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Corruption is an emotive issue, and anti-corruption is a potent political platform, like it has been for the Modi government. A slew of policy interventions – Demonetisation, RERA, GST – have been predicated on eliminating corruption. An interesting question to consider, morally abhorrent as it is, if corruption’s actually a facilitator of economic growth?
Usually, corruption is assumed to hinder growth through increase in transaction costs, inefficiency and arbitrary decision-making.
Consider a though experiment, around the Real Estate Regulation and Development Act (RERA). The new law aims at curbing unethical practices, reduces discretionary decision-making, and generally aims to clean-up the Real Estate sector. At the same time, implementation of this law has seen a massive decline in the rate of new launches by developers, softening of property sales and fear of a general slowdown in the sector. Given that Real Estate is highly employment-intensive, this portends bad news for growth and jobs. While its early days yet (for the new law), could we surmise that a certain amount of corruption greased the sector, and has caused a slowdown now that the grease has been taken out?
Corruption as a grease (or sand) to wheels of development has long been studied by academics. And the counter-intuitive narrative, ie, corruption could have positive effects on growth, has long (and erudite) legs.
Samuel Huntington famously wrote in 1968,“only thing worse than a society with a rigid, over-centralised, dishonest bureaucracy is one with a rigid, over-centralised, honest bureaucracy”. The hypothesis sits well with day-to-day experience (especially) of the poorer sections, with local municipal authorities. A broken water tap is often repaired quicker with a bribe than via strict adherence to laid down processes.
Is it a poor country phenomenon? Or, as some people have suggested, there is an Asian Paradox (it happens in Asia)? Let us look at some headline numbers. The table below posits a sample of countries at various levels of incorruptibility (as measured by Transparency International rankings) against their economic performance.
Source: IMF, Transparency InternationalCPI: Corruption Perceptions Index, Transparency International
As we can see, while richer countries tend to have high CPI scores, there are notable exceptions like Italy, Saudi Arabia and South Korea (per-capita incomes above USD 10,000 – “rich country” benchmark) with comparatively low CPI. At the same time, while a lot of Asian countries tend to rank lower, Singapore and Japan buck the trend. It is also remarkable that India and China, both with fairly low CPI scores (and ranks), have been the fastest growing major economies in the world for over 2 decades. So, is “good corruption” a reality?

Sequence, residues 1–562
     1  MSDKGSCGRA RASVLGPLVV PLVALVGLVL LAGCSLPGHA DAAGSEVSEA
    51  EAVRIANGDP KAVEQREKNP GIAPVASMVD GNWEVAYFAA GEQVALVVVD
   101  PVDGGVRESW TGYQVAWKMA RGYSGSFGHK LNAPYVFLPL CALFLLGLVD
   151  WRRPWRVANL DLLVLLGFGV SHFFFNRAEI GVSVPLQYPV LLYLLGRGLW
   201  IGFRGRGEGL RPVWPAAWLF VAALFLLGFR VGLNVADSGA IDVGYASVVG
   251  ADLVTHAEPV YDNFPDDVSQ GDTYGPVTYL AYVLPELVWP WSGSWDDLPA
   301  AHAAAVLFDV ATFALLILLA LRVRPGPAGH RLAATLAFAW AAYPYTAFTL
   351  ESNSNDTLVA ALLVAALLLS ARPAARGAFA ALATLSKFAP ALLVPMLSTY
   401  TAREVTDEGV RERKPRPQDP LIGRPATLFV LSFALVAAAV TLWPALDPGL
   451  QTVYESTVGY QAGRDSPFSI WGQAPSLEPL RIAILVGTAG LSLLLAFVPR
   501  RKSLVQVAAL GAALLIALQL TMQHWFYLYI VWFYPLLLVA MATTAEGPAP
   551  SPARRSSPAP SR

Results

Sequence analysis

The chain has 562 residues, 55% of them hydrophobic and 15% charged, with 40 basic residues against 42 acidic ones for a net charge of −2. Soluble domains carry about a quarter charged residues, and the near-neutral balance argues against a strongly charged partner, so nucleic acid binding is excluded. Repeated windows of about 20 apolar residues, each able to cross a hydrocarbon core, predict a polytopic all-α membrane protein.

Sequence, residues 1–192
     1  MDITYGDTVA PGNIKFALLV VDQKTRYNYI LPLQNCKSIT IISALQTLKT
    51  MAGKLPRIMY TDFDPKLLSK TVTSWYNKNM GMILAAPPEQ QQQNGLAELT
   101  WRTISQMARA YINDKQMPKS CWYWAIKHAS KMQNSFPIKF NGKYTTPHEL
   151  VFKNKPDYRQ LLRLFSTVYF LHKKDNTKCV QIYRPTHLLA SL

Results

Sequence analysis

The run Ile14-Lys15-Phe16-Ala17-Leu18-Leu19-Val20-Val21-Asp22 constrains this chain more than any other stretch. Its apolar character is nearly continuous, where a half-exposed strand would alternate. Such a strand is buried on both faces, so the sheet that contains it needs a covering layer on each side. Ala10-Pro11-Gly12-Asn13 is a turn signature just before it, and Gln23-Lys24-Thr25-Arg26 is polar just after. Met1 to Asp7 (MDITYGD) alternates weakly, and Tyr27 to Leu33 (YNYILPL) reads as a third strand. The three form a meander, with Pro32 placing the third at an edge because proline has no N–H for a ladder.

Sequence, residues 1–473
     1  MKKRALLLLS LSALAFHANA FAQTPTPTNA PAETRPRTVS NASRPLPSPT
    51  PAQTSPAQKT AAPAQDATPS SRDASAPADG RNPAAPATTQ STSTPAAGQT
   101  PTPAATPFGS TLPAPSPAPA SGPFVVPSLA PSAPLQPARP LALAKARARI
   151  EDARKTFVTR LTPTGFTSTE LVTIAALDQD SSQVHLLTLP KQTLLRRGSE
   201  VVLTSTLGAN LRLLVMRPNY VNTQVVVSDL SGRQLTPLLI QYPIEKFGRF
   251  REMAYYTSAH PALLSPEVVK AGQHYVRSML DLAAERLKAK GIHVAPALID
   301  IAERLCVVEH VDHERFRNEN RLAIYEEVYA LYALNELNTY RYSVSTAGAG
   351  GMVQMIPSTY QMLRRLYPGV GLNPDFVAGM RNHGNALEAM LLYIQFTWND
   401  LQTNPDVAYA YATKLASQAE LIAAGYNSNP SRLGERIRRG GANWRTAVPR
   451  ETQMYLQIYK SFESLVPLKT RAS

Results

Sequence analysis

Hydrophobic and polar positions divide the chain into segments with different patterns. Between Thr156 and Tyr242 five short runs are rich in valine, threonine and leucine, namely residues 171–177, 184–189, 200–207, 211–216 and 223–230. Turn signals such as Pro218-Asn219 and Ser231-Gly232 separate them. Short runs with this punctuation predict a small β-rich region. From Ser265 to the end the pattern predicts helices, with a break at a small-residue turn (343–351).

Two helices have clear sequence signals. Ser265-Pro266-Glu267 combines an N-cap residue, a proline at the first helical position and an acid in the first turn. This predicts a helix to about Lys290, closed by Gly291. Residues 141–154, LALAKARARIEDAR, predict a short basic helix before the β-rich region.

There was further empirical boost to the hypothesis of “good corruption” in a more recent (2008) cross-country study by Professors Jac Heckelman and Benjamin Powell, titled Corruption and Institutional Environment for Growth. They found that definition of corruption as “good” or “bad” for growth depended heavily on the institutional environment. In countries with low economic freedom, high levels of regulation and inefficient bureaucracy, corruption has a positive effect on growth. Lower corruption aids growth when institutions are strong. Sounds intuitively familiar? The water tap is repaired faster with bribes if the municipality is an inefficient entity?
Research on Asian (especially East Asian) countries, with generally imperfect institutions, tends to have some vindication of the hypothesis. Prof CJ Huang of Feng Chia University, Taiwan, in perhaps the most comprehensive quantitative study on the topic (his coverage was on 10 East Asian countries, including China), found an overwhelming positive impact of corruption on economic growth.
In the Indian context, Prof Aseema Sinha of the Woodrow Wilson Center found widespread evidence of bribes facilitating investment and growth, in her book, Regional Roots of Developmental Politics in India (2005). She quotes a manager of a large company in West Bengal, “I wish there was more corruption in West Bengal. Then things might move and I would know that I could do something to speed things up. Currently, nothing moves; government officers are usually honest and morally superior, but they refuse to help you.” In contrast, the same study also found that bureaucrats in Gujarat worked very hard to facilitate new investments, but demanded 5-8% as bribes. Essentially, this is the concept of speed money that hastens economic processes.
In a nutshell therefore, can growth slowdown be blamed (partly) on anti-corruption policies? Like with everything else in policy-making, a black-and-white answer is impossible. It is widely recognized that corruption eats away at the vitals of a society, reduces efficiency, and thus is structurally sub-optimal in the long term. Politicians have to balance short term exigencies with a long term vision, and make appropriate choices.
What is clear though, is that the narrative of corruption as an unambiguous negative isn’t quite correct always. There is an alternative narrative to consider.